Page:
Saturday, June 18, 2005

Some news from Crikey

This morning there's a couple of articles of interest from that bastion of independent Aussie journalism, Crikey . One from Cristian Kerr describing what looks like a government cover up of the loss of more than 400 people as a refugee ship sank in "international waters" between Indonesia and Australia. The organiser of death ship has been charged but as yet, nothing from the powers that be........ who from the look of it seem to have conveniently no information on the matter.

This one stinks to high heaven.

The trial has failed to answer many of the questions surrounding the tragedy. The SIEV-X sank in international waters south of Indonesia on October 19, 2001, about 33 hours after it left the southern coast of Sumatra. The wooden boat was shockingly overcrowded with more than 400 asylum-seekers, most of them Iraqis.

Evidence given during the trail has revived persistent rumours that drowning passengers were seen but ignored by Australian and Indonesian naval vessels. A Senate Committee investigated the failure of Australian navy to rescue SIEV-X survivors as part of the 2002 Children Overboard inquiry, despite the presence of vessels in the area as part of the shadowy campaign against illegal immigration, Operation Relex. The final report cleared the ADF, but still questioned how the foundering of the ship and the drowning remain undetected.

The Senate Committee investigated allegations that SIEV-X was sabotaged as part of a joint disruption program against illegal vessels by the Australian federal police and Indonesian authorities. AFP Commissioner Mick Keelty refused to give evidence to the inquiry on the grounds that it might prejudice pending investigations, and admitted that the Australian government had no control over Indonesia's disruption activities. The Committee called for a full independent inquiry into Australia's role in disrupting asylum-seeker vessels, but the government has refused to act.

The same allegations have now been raised in the Daoed trial – and remain unanswered. Calls for an inquiry have been mounting in the days since Daoed was found guilty. Labor, the Democrats and the Greens may well up the ante.

Former diplomat Tony Kevin, who has investigated the SIEV-X case, says there will be whistleblowers. “People retire, their consciences start to weigh on them; they have a look at the pictures of those drowned children. They think about the possible role they may have played,” he said yesterday.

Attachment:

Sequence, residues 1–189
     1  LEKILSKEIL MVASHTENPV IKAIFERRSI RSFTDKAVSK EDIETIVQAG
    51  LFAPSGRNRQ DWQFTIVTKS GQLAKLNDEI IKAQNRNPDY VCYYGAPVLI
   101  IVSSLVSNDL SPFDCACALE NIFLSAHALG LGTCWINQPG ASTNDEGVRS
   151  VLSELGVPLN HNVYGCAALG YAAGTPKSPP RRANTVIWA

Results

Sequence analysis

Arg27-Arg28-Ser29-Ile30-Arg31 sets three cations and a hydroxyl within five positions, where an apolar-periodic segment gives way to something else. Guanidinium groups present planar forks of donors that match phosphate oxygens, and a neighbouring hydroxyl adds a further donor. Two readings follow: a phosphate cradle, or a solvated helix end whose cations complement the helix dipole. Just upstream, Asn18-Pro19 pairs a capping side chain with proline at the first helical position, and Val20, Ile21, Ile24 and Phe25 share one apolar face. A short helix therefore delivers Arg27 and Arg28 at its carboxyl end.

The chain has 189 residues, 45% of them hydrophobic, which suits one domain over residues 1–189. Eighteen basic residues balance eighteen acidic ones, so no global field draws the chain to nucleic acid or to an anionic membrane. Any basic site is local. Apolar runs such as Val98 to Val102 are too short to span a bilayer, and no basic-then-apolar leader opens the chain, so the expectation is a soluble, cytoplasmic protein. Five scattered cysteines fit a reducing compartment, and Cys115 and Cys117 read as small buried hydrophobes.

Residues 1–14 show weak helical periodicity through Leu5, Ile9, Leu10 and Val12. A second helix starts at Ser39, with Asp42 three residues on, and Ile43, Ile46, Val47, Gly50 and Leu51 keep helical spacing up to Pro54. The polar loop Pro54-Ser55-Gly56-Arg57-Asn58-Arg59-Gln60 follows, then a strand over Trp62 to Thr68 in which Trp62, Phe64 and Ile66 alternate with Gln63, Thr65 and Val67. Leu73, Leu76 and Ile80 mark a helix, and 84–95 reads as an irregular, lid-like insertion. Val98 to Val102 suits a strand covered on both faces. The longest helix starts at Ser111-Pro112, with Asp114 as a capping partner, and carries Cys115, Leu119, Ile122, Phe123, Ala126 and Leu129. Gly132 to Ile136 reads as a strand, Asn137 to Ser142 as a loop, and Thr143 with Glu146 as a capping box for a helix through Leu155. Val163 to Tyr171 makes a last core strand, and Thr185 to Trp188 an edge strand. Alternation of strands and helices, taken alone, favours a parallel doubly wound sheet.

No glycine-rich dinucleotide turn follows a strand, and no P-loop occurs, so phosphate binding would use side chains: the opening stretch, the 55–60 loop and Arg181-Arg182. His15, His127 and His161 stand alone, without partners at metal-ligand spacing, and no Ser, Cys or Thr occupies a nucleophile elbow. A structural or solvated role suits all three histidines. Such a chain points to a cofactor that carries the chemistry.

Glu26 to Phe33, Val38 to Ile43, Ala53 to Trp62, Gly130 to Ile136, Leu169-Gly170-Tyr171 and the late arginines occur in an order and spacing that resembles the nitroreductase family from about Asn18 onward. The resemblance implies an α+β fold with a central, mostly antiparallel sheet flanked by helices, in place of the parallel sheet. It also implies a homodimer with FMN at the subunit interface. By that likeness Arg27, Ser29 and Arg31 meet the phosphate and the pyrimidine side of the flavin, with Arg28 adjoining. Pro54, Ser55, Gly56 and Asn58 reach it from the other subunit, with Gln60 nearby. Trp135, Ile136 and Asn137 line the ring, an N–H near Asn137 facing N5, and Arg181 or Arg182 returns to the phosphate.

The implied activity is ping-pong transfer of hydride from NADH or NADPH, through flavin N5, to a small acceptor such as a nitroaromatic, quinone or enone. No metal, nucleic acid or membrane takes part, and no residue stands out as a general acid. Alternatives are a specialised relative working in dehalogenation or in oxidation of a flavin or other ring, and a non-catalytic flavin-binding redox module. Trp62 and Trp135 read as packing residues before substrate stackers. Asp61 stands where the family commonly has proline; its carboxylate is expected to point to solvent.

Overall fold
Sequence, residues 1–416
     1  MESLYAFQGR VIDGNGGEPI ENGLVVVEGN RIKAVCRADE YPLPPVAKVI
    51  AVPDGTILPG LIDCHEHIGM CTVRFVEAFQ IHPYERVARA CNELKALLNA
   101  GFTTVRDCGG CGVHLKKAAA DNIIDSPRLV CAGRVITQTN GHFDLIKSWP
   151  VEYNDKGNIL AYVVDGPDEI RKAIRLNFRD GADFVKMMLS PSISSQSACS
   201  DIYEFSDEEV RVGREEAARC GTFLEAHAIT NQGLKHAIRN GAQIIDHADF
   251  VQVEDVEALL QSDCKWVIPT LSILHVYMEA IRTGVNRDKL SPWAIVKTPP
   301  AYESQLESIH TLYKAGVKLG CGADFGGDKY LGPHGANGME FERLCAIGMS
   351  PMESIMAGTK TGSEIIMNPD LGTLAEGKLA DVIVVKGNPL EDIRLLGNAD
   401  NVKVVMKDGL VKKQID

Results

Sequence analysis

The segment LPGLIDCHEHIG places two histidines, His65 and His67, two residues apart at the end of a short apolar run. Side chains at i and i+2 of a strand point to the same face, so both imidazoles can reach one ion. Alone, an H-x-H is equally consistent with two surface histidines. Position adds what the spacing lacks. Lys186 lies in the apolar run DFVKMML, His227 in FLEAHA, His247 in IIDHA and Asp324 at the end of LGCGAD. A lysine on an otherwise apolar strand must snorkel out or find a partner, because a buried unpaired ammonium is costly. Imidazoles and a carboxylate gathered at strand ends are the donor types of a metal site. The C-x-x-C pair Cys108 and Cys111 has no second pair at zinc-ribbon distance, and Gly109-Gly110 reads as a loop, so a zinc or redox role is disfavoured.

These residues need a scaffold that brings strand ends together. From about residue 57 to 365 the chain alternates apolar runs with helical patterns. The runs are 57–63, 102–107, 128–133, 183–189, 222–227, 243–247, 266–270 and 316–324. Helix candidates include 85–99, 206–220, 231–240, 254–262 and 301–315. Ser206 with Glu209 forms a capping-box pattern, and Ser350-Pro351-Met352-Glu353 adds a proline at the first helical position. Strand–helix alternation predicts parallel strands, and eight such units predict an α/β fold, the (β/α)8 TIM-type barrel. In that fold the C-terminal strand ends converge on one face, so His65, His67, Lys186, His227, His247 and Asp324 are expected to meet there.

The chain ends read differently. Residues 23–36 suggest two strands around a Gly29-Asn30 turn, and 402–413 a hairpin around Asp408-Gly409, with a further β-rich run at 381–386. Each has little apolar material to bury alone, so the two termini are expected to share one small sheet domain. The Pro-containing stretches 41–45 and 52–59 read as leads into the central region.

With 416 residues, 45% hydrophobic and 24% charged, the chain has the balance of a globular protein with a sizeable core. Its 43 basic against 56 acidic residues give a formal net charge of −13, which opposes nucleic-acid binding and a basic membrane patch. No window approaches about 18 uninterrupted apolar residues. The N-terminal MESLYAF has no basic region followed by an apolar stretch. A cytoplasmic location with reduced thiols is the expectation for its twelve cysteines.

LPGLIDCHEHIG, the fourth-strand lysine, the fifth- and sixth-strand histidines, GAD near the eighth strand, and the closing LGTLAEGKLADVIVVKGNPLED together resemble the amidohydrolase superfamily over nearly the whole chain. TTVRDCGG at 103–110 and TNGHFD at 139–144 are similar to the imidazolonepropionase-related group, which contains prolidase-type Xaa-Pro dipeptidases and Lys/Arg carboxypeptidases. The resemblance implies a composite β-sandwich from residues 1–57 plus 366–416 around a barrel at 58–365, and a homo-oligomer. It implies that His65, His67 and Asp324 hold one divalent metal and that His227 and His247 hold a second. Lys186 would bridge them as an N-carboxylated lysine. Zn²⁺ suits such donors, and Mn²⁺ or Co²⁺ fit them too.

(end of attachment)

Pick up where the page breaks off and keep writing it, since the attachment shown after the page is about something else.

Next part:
The verdict puts new pressure on the government. Will the truth ever out? And will it reveal more shameful secrets of the maladministration of the Immigration portfolio by Philip Ruddock and Amanda Vanstone. Bubbling under are more detention centre abuse stories.

And questions are not only being asked in the media, a Thursday's Senate Hansard reveal a couple of probing questions from Green Senator Bob Brown, nicely batted away by Senator Vanstone under the "international waters" excuse.

The government has either shifted ground on where the refugee boat SIEV-X sank – or Amanda Vanstone has stuffed up yet again. Have a look at her answer to a Question on Notice from Greens' leader Bob Brown on page 113 of yesterday's Senate Hansard:

Siev X
(Question No. 431)
Senator Brown asked the Minister for Immigration and Multicultural and Indigenous Affairs, upon notice, on 10 March 2005:

With reference to the sinking of the boat known as SIEV X:
(1) Will the Minister now release the list of names of people who are thought to have drowned.
(2) How many queries has the Government had from people seeking the names of persons thought to have been on board:
(a) from within Australia and
(b) from outside Australia.
(3) If the list is not to be released:
(a) what are the precise reasons; and
(b) if one reason is that release of the list would endanger an informant, in what way.

Senator Vanstone – The answer to the honourable senator's question is as follows:
(1) The Government has no way of knowing or verifying all those who drowned, being an illegal venture out of another country with the tragedy occurring in international waters. Some names of those who have thought to have drowned are held.
(2) Records of requests are not held.
(3) The Government does not hold comprehensive information nor is it in a position to verify it.

Here we go again. “International waters.”

And another story, with rumours regarding Rupert and Hilary Clinton's courting which came via the New York Observor.


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